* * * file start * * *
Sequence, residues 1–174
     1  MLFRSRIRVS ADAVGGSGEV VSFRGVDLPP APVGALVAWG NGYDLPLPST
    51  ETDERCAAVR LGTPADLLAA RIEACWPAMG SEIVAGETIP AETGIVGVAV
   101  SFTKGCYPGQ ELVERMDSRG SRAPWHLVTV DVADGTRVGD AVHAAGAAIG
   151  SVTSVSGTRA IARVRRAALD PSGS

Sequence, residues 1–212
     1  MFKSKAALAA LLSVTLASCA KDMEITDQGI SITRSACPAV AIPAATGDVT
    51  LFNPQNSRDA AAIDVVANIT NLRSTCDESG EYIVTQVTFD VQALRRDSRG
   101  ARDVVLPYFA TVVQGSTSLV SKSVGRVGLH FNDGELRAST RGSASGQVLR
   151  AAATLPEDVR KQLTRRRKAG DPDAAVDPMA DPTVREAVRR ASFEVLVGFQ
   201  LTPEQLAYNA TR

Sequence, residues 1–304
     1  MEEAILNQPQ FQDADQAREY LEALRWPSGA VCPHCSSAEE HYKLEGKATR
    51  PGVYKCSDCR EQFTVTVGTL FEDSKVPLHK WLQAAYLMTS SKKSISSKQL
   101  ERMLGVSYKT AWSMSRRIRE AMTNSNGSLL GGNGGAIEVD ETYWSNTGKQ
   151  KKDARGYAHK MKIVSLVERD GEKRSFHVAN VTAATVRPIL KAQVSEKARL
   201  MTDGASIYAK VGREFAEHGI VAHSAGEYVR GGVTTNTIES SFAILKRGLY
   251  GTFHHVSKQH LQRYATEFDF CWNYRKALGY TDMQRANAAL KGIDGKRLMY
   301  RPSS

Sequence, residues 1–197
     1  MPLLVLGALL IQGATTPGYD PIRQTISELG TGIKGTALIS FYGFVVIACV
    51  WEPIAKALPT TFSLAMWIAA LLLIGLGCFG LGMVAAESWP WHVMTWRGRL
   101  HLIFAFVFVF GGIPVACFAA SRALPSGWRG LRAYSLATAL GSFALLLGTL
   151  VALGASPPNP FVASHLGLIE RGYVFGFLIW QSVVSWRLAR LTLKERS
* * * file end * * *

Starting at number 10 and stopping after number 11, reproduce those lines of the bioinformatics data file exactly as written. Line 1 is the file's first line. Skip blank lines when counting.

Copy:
   151  AAATLPEDVR KQLTRRRKAG DPDAAVDPMA DPTVREAVRR ASFEVLVGFQ
   201  LTPEQLAYNA TR